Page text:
Steps to the Stars: First things first.
(article from Final Frontier, Jan/Feb issue)
Later in 1997, the Breakthrough Propulsion Physics program will host an invitation-only workshop. At the gathering, scientists will examine relevant emerging physics. They will also brainstorm a list of next-step research tasks, says NASA's Millis.
To be surveyed are a host of theories, physical evidence and anomalous effects that have recently emerged but have not yet been rigorously assessed.
"There have been recent theories published in peer-reviewed literature suggesting new connections between inertia, gravity and electromagnetism. There's even a theory for a 'warp drive,' but physicists aren't even sure if such breakthroughs are possible," Millis says.
"If the workshop successfully demonstrates that promising and affordable approaches exist," he continues. "funding may be granted to begin conducting the step-by-step research that may eventually lead to the breakthroughs."
In other words, while you're reaching for the stars, don't forget to stoop for a little reality.
If you want to get anywhere fast in this old universe, there arc three technologies required for 21 st century space missions. "These technologies are propulsion, propulsion and propulsion," points out Robert Frisbee, manager of advanced propulsion technology at the Jet Propulsion Laboratory (JPL) in Pasadena, California.
Moreover, physics today is teeming with conjecture showing us that scientists clearly don't know everything. Frisbee says that the physics community is rife with people studying time machines, wormholes and warp drives by looking at Albert Einstein's equations and putting them through the ringer.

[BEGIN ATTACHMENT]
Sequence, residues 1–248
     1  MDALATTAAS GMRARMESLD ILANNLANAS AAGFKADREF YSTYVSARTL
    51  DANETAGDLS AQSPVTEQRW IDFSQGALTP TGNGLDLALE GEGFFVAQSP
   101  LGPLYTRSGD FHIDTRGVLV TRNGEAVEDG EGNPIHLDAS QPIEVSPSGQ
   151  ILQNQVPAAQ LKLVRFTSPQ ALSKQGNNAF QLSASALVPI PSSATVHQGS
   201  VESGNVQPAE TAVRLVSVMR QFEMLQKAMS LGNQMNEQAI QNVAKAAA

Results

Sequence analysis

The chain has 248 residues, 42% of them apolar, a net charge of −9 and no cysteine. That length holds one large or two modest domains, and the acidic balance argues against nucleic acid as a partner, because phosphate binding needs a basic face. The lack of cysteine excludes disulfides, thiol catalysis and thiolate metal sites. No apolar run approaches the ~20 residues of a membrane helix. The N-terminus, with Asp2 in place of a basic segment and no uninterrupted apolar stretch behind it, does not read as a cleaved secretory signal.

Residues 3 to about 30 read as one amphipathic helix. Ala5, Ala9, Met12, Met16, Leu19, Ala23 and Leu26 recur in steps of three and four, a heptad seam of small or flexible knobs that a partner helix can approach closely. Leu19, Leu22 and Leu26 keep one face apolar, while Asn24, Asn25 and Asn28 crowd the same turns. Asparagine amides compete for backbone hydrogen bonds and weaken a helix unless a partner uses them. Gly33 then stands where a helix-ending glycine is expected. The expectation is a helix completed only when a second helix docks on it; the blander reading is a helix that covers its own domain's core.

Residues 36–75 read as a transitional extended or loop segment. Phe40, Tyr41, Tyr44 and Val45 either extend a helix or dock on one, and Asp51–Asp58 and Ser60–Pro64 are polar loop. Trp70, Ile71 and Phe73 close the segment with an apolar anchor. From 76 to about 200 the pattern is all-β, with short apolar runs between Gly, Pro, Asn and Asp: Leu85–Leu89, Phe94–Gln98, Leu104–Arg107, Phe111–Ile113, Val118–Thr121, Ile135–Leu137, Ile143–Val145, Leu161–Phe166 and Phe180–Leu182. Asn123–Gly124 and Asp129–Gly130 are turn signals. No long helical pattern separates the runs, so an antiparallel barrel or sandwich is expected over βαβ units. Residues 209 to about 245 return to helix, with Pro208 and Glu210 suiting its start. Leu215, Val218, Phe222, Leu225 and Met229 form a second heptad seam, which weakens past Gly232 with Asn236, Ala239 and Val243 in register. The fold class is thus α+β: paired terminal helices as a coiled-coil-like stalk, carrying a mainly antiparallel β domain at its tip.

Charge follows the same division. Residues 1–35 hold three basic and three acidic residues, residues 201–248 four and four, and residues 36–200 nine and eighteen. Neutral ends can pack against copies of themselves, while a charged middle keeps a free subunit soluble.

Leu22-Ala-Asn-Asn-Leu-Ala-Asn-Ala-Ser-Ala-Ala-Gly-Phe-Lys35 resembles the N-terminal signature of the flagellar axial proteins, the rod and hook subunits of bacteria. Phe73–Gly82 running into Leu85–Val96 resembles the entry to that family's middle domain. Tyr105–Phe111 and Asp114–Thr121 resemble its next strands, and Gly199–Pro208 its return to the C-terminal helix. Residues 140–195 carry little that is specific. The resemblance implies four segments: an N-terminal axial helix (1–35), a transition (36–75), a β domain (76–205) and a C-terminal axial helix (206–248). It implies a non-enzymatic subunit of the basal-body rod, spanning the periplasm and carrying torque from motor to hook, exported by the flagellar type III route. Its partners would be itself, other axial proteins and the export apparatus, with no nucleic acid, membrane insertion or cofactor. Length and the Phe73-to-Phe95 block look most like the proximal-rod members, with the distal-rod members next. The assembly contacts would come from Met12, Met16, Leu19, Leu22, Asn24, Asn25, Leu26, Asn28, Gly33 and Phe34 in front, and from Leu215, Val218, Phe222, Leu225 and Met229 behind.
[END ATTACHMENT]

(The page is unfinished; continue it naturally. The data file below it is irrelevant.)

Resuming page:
"These are things we used to think of as solely the province of science fiction," with work now being done by reputable physicists, publishing in peer-reviewed journals, the JPL scientist says.
A member of the breakthrough propulsion physics product definition team, Frisbee underscores the fact that studying such topics as faster-than-light travel, leaping across space and time via wormhole, anti-gravity and other research tracks, is a high risk activity.
"But in terms of trying to get us out of our existing paradigm, this type of work is very important. The payoff could totally revolutionize the way we look at nature, in the same way that relativity and quantum mechanics changed the way we looked at the universe almost a hundred years ago," Frisbee contends.
Coupled to his optimism, Frisbee tags a note of warning. "You have to be careful of situations where you get into 'pathological science.' That is when you ate trying to treasure some tiny, tiny effect, but where wishful thinking gives you the answer and not the actual experiment," he cautions.
What are the odds of discovering some radical, new form of physics'?